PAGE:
A fish biologist with an environmental group has suggested that fish farms could be a contributing factor behind a stunning drop in the expected return of Fraser River sockeye.
Stan Proboszcz, who works for Watershed Watch Society, told the Georgia Straight there are three theories that could help explain why Fisheries and Oceans Canada has missed the mark on its forecast.
”¢ Ocean temperature changes are affecting the food dynamics for juvenile sockeye on their way out to sea.
”¢ Warming temperatures in the Fraser River are stressing juvenile salmon, which could have an impact on mortality.
”¢ Salmon farms in Georgia Strait are infecting juvenile sockeye with sea lice.
“I’m sure it’s a combination of factors,” Proboszcz said.
He noted that a 2008 study by fisheries researcher Alexandra Morton demonstrated that juvenile sockeye salmon travelling near the Discovery Islands area off the east coast of Vancouver Island were infected with sea lice.
The study’s abstract noted that sample sizes were too low to support a formal statistical analysis.
“She sampled pinks; she sampled chums; and she sampled sockeye,” Proboszcz said. “This is where the discovery came about where she saw elevated levels of sea lice on sockeye.”
The peer-reviewed study appeared in the North American Journal of Fisheries Management, which is published by the American Fisheries Society.
"Watershed Watch is involved with the Raincoast Conservation Foundation and the Pacific Salmon Commission, and we’re following up on that sockeye research," he added. "We have some preliminary results that indicate the sockeye that migrate around the farms in Discovery Islands are indeed Fraser River stocks.”
Later this month, Fisheries Minister Gail Shea is heading a Fisheries and Oceans Canada delegation to an aquaculture conference, Aqua Nor 2009, in Norway. Critics say the federal government is in a conflict of interest as a promoter or aquaculture at the same time that it's regulating the industry.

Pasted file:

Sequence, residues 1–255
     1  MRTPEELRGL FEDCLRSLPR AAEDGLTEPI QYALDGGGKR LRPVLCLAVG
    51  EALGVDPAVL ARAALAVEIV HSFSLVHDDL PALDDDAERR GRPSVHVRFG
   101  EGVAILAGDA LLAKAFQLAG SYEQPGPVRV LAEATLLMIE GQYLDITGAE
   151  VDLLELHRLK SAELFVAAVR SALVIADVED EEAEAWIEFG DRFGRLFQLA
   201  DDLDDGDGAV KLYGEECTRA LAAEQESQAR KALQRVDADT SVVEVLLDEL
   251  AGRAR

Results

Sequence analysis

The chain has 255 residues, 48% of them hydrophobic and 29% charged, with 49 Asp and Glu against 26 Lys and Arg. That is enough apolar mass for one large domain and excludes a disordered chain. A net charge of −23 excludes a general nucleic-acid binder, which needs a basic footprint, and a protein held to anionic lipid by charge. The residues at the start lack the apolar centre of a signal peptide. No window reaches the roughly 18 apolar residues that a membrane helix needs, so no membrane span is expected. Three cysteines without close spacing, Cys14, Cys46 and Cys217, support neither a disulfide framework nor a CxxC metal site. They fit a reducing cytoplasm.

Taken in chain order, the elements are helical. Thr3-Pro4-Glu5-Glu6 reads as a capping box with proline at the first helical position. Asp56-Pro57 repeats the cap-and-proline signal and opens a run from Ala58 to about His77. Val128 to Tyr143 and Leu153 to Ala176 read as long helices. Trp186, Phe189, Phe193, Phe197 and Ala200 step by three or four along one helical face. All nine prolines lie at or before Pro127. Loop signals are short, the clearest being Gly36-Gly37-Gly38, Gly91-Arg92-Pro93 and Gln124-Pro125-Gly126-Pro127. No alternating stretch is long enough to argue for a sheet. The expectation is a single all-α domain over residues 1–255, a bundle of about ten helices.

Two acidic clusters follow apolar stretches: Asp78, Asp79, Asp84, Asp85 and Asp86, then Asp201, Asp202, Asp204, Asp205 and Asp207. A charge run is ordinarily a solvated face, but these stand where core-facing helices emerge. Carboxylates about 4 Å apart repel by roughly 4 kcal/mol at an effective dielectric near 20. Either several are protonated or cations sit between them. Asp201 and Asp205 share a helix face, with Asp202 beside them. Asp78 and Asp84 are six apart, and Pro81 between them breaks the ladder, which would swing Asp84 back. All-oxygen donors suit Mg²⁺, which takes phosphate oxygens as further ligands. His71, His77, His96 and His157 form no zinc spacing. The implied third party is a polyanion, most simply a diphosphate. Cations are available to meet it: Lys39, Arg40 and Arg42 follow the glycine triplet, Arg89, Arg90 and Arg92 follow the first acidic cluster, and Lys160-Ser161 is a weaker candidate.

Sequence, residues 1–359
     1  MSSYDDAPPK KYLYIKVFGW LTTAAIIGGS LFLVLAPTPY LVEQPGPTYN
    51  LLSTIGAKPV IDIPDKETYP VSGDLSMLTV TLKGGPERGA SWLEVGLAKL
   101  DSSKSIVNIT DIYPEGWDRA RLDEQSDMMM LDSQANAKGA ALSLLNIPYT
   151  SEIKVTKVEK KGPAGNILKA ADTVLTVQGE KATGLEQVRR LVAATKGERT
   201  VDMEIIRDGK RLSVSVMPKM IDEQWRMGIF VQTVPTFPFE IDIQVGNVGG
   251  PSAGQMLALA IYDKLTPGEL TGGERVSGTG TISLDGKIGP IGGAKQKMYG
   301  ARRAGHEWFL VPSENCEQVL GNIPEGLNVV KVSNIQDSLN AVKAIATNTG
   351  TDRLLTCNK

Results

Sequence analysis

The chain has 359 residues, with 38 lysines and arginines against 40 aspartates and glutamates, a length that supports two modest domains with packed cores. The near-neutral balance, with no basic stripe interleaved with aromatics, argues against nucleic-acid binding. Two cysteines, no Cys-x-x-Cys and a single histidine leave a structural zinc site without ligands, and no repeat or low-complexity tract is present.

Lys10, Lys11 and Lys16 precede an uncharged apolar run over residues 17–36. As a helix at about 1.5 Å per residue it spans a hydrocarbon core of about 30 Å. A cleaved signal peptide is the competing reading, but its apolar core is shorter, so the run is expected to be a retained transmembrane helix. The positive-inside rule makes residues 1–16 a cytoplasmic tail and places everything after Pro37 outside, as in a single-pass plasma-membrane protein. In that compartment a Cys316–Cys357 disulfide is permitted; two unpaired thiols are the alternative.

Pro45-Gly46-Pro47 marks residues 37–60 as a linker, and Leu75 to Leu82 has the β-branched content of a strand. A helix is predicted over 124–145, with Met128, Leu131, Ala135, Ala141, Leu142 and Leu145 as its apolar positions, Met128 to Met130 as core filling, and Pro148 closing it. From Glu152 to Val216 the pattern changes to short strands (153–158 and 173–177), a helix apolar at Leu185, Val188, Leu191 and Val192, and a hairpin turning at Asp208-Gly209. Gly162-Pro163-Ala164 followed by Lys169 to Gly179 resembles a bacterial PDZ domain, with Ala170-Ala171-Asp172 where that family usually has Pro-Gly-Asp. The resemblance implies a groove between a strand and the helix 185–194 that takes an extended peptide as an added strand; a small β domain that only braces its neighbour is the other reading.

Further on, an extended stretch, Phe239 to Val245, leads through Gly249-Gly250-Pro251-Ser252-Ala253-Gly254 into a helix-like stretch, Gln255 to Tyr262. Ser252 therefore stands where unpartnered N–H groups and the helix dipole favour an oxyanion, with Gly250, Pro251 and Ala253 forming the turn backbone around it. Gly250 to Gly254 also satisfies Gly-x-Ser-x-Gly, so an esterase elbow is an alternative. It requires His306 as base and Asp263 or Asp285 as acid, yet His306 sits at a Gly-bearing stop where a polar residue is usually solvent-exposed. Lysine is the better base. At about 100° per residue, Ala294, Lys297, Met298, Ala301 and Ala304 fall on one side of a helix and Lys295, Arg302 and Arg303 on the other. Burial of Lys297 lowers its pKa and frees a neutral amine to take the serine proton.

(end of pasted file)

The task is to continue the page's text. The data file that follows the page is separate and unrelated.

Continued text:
Initially, the federal government expected six million to 10.6 million salmon to return to the Fraser River this year. According to Jeff Grout, regional resource manager-salmon, the government now expects between one million to 1.7 million to return.
In an interview with the Straight, Grout rejected any suggestion that fish farms could be a contributing factor behind the shockingly low returns.
“We certainly don’t have scientific evidence that suggests lice from the farms have caused the poor marine survival across all of our sockeye groups,” Grout said. “We have seen poor returns in the Skeena as well, and there aren’t any salmon farms situated along the migration routes there.”
He noted that his department forecast two million Skeena sockeye to return this year. “The accounting of the run is still going on there, but we’re expecting it to be probably just less than a million,” Grout said.
He pointed out that a couple of years ago, there were widespread poor returns across a range of species, including pink, coho, Chinook, and chum salmon.
“It appeared related to the year they went into the ocean,” Grout said. “There were very warm conditions. Plankton levels appeared to be low for the species”¦.We may have had warmer water predators moving up into that warm water.”
Proboszcz said Fisheries and Oceans Canada can’t do much about climate change, but it should stop denying the science concerning the impact of sea lice from fish farms on juvenile wild salmon. He described it as a “worldwide epidemic”.
“The science has been published over and over again in country after country after country,” Proboszcz said. “So we really need to seriously consider the negative effects of salmon farms in this situation. Removing the farms from the outmigrating areas would be a great start. It’s the easiest thing to do.”